One could take this train of thought even further, and argue that symbolically, Trump’s upset victory over the established political order in the U.S., where a businessman, with no governing experience, broke down the barriers-to-entry into presidential politics, is exactly the kick-in-the-pants that Africa needs.

So rather than join the chorus of those who fear that Africa will be forgotten, relegated to the Lonely Planet hallway of a Trump Administration’s State Department, and in the spirit of our Uhuru-inspired discussions, I offer the following for consideration.

President-elect Trump’s domestic rallying cry during the campaign was to stop the flow of illegal immigration. Build the wall. Enforce our immigration laws. But the truth is that physical and procedural barriers to entry will not be enough. A Trump administration will need to tackle the challenge at its source.

In the case of Africa, the migrants coming to the U.S. are largely economic, driven out of their homelands because of lack of opportunities. There are no jobs. Nearly 1 in 3 Africans are between the ages of 10 and 24, and approximately 60 percent of Africa’s total population is below the age of 35. This is a ticking time-bomb if nations fail to develop their economies, and address the expectations of a young and restless population.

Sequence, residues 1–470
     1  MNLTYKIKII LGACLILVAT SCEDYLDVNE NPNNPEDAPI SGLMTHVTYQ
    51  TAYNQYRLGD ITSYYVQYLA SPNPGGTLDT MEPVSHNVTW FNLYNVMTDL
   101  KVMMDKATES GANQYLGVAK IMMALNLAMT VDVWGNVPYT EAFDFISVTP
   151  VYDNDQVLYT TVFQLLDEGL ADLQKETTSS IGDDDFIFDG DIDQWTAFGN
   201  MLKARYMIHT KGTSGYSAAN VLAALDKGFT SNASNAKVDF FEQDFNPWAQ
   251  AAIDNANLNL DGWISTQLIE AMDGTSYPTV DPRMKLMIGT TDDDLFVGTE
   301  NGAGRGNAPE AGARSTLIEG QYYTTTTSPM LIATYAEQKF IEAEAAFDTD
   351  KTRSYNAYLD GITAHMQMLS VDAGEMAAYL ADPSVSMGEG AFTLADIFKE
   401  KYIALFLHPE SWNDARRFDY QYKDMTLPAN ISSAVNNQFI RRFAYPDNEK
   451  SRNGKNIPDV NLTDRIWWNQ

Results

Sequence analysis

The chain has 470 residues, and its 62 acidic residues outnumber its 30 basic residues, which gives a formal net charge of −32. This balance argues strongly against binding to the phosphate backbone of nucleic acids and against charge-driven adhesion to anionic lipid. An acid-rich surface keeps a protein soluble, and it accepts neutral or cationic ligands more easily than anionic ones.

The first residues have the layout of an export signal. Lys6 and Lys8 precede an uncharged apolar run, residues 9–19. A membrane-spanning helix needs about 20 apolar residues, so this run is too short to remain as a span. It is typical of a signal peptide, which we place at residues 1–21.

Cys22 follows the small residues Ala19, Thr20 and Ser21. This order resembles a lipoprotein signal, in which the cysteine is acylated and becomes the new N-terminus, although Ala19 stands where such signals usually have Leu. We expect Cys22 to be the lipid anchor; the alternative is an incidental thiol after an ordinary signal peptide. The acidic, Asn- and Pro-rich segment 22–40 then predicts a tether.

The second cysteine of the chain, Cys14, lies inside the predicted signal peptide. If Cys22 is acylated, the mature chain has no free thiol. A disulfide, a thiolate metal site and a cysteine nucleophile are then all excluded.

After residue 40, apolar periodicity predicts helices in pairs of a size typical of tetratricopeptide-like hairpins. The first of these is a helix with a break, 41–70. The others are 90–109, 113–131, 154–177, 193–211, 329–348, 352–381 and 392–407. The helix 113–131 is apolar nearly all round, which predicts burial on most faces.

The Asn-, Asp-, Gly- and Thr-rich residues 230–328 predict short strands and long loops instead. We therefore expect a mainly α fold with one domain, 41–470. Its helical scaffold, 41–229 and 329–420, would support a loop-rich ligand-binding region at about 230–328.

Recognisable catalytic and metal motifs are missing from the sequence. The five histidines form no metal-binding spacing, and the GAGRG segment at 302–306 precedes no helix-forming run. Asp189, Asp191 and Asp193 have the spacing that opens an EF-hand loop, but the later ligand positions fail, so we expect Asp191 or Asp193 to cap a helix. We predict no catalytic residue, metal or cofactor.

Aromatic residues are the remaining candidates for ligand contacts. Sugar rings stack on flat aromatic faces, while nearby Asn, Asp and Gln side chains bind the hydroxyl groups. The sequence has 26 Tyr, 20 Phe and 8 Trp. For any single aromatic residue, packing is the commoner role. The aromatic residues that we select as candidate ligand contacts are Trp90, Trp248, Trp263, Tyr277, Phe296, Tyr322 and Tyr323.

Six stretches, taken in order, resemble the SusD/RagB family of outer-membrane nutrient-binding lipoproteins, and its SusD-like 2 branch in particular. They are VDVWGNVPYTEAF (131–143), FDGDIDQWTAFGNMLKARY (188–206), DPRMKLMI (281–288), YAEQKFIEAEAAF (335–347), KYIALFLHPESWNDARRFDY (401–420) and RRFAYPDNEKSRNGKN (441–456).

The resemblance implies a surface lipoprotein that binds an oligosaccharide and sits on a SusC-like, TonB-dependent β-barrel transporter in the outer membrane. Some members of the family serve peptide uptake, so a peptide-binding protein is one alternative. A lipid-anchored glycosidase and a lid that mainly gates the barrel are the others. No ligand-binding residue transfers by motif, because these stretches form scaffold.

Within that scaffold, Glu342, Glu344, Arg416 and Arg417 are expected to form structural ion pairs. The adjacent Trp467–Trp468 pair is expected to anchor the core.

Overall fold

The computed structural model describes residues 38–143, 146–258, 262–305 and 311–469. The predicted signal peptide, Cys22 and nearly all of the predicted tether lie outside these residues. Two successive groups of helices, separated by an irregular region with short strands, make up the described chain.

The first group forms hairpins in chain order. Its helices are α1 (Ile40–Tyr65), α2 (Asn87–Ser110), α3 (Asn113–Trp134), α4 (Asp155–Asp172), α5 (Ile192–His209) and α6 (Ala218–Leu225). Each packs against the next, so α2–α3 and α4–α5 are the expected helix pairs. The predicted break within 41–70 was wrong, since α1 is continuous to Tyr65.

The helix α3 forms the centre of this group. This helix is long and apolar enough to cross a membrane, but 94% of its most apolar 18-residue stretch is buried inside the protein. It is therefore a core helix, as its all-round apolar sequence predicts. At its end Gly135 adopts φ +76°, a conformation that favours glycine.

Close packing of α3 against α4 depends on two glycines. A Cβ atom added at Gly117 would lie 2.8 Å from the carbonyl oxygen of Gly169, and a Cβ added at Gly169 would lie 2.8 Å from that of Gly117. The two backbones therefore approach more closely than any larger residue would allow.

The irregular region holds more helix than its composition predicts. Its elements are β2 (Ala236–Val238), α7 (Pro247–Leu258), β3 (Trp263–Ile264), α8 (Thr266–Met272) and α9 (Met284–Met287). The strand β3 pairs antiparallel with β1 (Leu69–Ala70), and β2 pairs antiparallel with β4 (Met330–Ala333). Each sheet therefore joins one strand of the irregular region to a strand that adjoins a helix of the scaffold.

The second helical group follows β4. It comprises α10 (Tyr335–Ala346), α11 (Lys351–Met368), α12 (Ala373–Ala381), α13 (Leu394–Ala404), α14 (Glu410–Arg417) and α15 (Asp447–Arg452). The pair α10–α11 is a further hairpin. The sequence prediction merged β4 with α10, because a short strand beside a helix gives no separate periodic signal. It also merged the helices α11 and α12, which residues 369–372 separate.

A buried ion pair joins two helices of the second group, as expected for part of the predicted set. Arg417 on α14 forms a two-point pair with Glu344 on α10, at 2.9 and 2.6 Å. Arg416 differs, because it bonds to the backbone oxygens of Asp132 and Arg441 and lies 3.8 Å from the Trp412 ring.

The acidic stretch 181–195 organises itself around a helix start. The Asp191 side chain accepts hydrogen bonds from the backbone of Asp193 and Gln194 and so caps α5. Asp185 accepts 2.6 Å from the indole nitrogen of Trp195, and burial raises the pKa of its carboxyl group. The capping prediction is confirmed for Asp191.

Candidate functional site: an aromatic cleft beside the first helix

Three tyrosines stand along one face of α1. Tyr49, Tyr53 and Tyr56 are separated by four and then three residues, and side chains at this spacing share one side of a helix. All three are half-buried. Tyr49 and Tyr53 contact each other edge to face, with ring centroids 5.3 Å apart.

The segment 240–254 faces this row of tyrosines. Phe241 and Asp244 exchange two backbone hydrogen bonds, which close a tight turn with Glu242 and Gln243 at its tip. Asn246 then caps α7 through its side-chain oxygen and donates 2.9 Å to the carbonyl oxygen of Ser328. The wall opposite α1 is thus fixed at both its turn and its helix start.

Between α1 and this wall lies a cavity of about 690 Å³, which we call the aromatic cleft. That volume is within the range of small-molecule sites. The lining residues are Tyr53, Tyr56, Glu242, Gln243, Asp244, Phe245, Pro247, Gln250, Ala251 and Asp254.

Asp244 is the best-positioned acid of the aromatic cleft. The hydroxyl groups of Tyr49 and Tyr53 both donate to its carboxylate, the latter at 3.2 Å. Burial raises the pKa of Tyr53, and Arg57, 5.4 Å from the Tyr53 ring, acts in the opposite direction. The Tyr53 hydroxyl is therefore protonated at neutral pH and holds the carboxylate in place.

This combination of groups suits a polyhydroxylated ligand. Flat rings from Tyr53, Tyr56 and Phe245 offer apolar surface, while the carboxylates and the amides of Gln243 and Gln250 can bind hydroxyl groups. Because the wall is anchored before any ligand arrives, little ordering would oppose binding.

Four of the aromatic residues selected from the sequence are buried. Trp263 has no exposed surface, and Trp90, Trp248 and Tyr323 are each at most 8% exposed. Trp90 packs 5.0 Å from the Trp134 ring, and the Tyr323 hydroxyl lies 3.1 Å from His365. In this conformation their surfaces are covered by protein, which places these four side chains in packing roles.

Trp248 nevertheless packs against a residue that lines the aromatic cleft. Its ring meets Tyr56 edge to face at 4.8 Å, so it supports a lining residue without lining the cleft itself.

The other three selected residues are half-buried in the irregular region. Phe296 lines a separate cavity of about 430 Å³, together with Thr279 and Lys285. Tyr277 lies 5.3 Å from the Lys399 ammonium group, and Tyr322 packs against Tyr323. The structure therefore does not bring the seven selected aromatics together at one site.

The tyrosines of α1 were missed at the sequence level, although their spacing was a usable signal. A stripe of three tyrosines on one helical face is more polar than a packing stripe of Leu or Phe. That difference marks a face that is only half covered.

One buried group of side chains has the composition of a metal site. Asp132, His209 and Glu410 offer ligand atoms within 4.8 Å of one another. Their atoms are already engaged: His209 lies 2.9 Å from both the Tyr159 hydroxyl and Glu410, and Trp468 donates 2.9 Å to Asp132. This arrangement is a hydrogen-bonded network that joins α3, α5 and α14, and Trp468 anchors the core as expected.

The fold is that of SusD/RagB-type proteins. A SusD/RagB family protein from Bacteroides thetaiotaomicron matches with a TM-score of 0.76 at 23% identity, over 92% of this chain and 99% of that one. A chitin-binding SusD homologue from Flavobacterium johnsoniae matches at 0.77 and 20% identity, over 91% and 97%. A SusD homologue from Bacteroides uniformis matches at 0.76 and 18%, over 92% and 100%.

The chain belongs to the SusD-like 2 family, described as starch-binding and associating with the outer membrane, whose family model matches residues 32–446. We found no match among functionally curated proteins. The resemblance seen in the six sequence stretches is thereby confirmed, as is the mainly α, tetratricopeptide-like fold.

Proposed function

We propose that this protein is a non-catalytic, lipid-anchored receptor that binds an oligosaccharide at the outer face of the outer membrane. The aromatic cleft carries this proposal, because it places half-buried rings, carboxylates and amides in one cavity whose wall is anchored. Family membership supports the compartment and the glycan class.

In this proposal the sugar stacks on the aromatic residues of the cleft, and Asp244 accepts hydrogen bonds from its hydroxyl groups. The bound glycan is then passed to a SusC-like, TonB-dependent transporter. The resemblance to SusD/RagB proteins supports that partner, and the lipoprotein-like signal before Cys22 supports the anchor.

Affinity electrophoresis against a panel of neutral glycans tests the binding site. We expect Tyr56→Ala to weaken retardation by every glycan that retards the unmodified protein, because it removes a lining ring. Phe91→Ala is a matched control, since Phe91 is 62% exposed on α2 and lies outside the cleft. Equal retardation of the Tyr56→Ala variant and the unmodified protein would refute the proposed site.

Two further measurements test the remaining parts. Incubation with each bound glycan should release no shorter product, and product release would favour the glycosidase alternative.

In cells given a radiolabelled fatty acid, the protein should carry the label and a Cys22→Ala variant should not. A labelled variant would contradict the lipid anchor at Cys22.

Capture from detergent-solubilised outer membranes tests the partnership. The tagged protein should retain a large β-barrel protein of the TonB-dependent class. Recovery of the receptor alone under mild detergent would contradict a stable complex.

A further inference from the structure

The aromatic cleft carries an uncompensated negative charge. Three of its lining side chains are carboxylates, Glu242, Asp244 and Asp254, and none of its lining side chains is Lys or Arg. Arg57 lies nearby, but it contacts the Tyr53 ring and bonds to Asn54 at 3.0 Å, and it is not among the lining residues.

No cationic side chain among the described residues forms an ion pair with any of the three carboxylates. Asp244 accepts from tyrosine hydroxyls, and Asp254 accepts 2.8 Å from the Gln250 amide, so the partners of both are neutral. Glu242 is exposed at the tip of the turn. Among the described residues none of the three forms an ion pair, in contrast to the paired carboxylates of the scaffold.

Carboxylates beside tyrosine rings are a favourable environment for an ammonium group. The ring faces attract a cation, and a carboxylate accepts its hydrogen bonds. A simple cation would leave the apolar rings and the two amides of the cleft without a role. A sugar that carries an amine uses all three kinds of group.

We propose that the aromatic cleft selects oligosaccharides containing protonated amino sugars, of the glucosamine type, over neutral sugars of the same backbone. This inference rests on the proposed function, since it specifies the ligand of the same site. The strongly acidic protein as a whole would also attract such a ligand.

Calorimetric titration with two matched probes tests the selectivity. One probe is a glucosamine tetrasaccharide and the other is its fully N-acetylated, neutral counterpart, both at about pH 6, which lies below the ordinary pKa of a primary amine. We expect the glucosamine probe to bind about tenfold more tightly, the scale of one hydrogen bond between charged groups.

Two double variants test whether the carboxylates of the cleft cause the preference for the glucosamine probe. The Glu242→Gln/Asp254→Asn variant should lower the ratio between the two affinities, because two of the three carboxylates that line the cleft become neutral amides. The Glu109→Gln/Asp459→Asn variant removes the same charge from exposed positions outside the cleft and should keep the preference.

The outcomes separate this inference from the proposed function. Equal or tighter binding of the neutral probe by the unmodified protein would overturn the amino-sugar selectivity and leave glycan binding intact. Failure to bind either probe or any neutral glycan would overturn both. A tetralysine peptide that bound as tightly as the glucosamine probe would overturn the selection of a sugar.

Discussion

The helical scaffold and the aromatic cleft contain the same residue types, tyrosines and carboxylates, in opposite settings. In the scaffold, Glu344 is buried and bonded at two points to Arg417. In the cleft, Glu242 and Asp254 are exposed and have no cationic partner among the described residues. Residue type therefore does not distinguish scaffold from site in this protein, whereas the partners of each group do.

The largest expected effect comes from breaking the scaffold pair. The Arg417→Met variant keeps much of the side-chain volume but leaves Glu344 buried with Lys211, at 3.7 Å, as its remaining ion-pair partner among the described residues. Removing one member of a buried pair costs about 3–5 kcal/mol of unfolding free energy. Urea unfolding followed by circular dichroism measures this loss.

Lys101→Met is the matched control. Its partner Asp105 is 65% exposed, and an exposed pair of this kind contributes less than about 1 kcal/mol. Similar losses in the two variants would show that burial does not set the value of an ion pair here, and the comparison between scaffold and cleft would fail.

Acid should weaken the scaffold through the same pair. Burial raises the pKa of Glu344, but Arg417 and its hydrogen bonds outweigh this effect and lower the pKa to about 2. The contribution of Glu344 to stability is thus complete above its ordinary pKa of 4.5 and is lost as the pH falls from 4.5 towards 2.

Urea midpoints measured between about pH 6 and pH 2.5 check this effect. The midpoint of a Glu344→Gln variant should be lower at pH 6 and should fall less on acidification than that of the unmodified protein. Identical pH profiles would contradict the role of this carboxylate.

Earlier this month, Chancellor of Germany Angela Merkel, called to bolster the economies of Africa. She pleaded for a “Marshal-like Plan.” Her Economic Minister, Gerd Mueller, elaborated, “If the youth of Africa can’t find work or a future in their own countries, it won’t be hundreds of thousands, but millions that will make their way to Europe.”

Germany is calling for investing in programs that support youth education and training, and on strengthening economies and the rule of law. This plea from Europe could be an opening for a Trump Administration. A bridge to unity with one of our most important allies, a way to turn a perceived clash of immigration policies, into a consensus on shared interests in Africa.

And if the Trump Administration decided to move in this direction, it would already have tools at its disposal, specifically, ones which address systemic barriers to economic growth.

The Millennium Challenge Corporation (MCC), developed during the administration of George W. Bush, conditions U.S. foreign assistance on performance, demanding that nations invest in their own people, before the U.S. will invest in them. It is a small part U.S. foreign assistance to Africa, but it could become the leading the edge.

The Global Entrepreneurship Summit (GES), an Obama Administration initiative, seeks to pool U.S. government resources with private sector programs, and develop ecosystems for entrepreneurs around the world.  Added to that is the Obama Administration Young African Leaders Initiative (YALI). Surely this space is ripe for a businessman-turned-president to build upon.